and to get back to Stuart Nash - one thing that troubled me was his use of the Napier/Hastings merger issue, where the more numerous and wealthier Napier doesn't want a bar of merging with the less numerous and poorer Hastings. Even then, it took the intervention of Garth McVicar splitting the tory vote (plus possibly 2000 Party-vote Green voters who didn't vote for their candidate) to give him a reasonable win. Labour has to win party votes!
What this comes down to is a lack of strategy and skills
Yes. If Labour can't perform basic backroom strategy and comms functions, no amount of shuffling frontpeople will make a difference. Shunning or undermining your likely coalition partners is also not something voters ignore.
If only the incompetent would get out of the way. Perhaps what is most needed now is swift, firm persuasion to that effect.
Unfortunately the people you think are incompetents who should move on will be people who many others would see as important champions of whatever. It's a universal rule that everyone wants to get rid of the dead wood but very few people agree on what, specifically, the dead wood is.
dead wood is
Labour have a number of problems, and besides of the perception in the public that they have been too divided, they also have a credibility problem.
We only need to look at the social security policy area to find hypocrisy. What Labour MPs say during debates and question time in Parliament, and also during election campaigns, does often not match with what they did when last in government.
There was criticism directed at welfare reforms, e.g. the rather radical, draconian measures introduced in July 2013 (under the ‘Social Security (Benefit Categories and Work Focus) Amendment Act’). Some Members criticised these reforms brought in by National, but the criticism was rather limited and did not last for long.
Perhaps this was, because Labour was planning something similar, when they were still in government in 2006 to 2008. They were then going to follow earlier UK reforms, and bring in more measures to “support” sick, injured and disabled into work. At that time only some measures with increased “work ability” expectations and so were introduced, but they did already create internal Regional Health Advisors and Regional Disability Advisors, who would re-assess many on the then sickness benefit, and eventually also those on the invalid’s benefit. They involved their “designated doctors”, and even started training them (!!) under the newly created position of Principal Health Advisor, one Dr David Bratt, was responsible for that. He is known as a hard line supporter of the failed UK approaches.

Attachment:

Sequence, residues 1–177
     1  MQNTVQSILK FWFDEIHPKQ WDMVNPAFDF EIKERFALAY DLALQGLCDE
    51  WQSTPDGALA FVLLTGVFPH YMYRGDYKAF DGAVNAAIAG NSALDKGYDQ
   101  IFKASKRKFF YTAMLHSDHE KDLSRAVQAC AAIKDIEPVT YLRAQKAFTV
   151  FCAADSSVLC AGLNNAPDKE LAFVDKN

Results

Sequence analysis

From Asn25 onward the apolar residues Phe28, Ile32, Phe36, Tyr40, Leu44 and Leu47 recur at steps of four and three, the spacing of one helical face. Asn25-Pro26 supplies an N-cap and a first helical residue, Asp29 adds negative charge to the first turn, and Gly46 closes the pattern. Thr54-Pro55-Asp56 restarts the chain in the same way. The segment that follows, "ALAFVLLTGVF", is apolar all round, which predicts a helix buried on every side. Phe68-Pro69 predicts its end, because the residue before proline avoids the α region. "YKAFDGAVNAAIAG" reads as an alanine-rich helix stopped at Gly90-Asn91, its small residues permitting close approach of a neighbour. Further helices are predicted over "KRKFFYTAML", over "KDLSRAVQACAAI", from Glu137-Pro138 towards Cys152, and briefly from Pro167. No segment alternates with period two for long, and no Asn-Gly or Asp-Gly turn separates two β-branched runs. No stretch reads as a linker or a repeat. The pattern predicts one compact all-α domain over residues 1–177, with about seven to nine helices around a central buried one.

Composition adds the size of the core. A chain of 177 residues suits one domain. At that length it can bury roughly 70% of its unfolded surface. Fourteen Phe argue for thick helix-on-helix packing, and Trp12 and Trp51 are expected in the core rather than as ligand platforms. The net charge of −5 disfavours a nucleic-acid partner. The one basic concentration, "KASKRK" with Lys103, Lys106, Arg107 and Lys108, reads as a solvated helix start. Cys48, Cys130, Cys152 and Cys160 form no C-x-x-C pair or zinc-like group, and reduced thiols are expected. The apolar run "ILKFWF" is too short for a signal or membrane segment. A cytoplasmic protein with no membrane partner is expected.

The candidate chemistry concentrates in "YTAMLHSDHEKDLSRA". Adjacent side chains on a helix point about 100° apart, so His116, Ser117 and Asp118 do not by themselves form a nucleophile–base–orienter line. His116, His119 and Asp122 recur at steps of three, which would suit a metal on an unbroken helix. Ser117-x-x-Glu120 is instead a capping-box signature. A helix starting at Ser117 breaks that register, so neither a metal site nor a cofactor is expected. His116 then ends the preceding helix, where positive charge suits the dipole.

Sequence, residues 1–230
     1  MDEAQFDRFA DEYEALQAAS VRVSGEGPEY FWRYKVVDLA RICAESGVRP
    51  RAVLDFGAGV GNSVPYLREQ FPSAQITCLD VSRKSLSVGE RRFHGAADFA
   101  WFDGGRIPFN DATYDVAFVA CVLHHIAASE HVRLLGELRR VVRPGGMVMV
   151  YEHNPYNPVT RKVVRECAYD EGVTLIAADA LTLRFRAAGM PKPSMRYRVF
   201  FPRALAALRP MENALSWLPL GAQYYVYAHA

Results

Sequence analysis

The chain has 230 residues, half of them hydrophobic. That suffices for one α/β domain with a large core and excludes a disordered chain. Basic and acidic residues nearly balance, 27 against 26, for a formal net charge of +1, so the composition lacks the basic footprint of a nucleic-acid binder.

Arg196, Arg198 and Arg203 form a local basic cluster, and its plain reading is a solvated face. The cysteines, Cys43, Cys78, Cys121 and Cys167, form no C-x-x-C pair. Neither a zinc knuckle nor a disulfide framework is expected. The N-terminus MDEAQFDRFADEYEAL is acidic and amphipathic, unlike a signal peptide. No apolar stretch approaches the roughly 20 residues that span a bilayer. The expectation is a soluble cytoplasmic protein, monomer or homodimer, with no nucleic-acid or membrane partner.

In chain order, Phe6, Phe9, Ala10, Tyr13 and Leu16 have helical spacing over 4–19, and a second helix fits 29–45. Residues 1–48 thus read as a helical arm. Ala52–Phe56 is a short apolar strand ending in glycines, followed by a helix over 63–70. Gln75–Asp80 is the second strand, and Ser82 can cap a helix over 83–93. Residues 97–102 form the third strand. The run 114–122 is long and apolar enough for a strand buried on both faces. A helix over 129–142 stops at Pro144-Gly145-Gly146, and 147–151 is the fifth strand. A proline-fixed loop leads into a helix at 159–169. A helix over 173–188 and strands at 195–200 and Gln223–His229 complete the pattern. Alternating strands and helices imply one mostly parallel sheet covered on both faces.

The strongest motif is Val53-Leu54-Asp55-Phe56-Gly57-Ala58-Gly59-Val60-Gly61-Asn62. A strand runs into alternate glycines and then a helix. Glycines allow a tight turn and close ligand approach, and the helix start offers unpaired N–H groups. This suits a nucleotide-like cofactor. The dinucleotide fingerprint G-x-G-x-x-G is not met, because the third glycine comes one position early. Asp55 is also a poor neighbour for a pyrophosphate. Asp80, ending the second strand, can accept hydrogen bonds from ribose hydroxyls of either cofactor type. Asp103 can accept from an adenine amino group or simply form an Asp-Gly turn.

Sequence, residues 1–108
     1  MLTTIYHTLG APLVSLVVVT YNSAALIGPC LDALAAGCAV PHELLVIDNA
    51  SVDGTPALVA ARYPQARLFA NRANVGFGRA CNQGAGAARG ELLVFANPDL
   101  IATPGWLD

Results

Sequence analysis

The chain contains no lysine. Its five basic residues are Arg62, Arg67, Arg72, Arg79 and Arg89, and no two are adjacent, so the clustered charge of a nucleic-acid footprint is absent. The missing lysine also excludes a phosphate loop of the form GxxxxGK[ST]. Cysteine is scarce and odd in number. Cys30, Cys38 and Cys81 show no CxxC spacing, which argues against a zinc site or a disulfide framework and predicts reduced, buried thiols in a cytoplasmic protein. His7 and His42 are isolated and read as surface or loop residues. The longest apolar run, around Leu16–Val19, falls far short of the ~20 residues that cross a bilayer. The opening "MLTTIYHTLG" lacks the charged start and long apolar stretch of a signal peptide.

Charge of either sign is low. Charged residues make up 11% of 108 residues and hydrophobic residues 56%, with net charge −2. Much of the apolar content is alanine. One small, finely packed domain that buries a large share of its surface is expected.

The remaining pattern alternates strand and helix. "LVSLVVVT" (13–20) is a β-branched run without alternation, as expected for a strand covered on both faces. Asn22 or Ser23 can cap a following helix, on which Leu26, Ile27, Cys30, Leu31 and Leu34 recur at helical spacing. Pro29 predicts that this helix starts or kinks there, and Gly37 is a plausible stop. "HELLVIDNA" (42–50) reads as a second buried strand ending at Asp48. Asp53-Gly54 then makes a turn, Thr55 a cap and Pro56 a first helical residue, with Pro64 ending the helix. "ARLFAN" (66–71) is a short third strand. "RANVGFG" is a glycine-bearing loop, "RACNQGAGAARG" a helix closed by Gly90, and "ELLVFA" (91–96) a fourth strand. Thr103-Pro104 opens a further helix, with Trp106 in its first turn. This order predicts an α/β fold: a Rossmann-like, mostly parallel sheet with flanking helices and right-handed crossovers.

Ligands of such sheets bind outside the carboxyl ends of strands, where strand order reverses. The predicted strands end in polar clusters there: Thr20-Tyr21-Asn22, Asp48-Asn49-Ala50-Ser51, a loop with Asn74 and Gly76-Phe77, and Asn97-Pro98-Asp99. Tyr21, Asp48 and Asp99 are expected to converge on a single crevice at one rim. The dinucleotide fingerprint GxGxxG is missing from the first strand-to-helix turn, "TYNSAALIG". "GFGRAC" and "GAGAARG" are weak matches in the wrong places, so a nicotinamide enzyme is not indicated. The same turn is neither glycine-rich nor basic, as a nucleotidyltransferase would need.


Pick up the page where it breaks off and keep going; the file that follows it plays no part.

His position was created in 2007, and he is still in his job, feeling more audacious under National led governments, even likening benefit dependence to “drug dependence”. Here is one of his many presentations, doing just that (see pages 13, 20, 21 and 35):
His employer seems to support such a position he has taken, having also adopted the UK “findings” coming from such “experts” like Mansel Aylward, who was known for making claims that much sickness is just “illness belief” (in the mind of the affected).
This OAG report reveals what already happened under Labour, when last in government, and what they were planning:
They were clearly going down the same kind of road that the Nats have gone. Perhaps Labour was not going to go as far, and try to implement such new policies more gradually, more gently, but they have indeed actually similar ideas, it seems, as the Nats do. When I heard Annette King criticise new measures the Nats want to bring in like “social bonds”, to basically experiment with mentally ill they want to shift into work, it sounded “hollow” to me, and not convincing. There are sadly too many skeletons in the closet that Labour still have.
You find such hypocrisy in other policy areas, and perhaps many voters see it, thus thinking, what difference would it make to vote Labour, and then vote National, who are at least considered more “stable” and being better “managers” of the economy (which I have my doubts about). Hearing Phil Twyford raise issues with the housing policy of the Nats, he keeps quiet on what Labour would offer. They have also neglected state homes, and have things to answer for.
I was struck by the lack of comments from Labour on social security matters, throughout recent years, and in the election they did not even talk about beneficiaries, as even under Labour, the media and public moved further to the right re social security or benefit support, wanting less of this.
All this tells me that Labour have again shifted to the right, and this new “think tank” or what they call it, is a sign of more to come. It is not good news, and it will not help Labour, with the perception people have of the party.
And then there is our democracy house reality.
It's a one seat majority parliament. The "Parties who know National are a pack of rich elitist banking men terrified of the real common man and woman, feral as they are " need two more seats. Two more seats.
More people vote against National than for them.
I don’t believe in communism
Think of it as enlightened self-interest, then. Every child whose education is hampered by hunger, or who suffers a poverty-related disease will be a drain on the public purse for decades.
In South Auckland, we're already facing a public-health time bomb that was set ticking in the 1990s when various "third world diseases" rocketed. This stuff does hurt us all.
Stalin and Mao didn’t believe in communism either.
Jesus was a communist. Respect.
I don’t believe in communism
Think of it as enlightened self-interest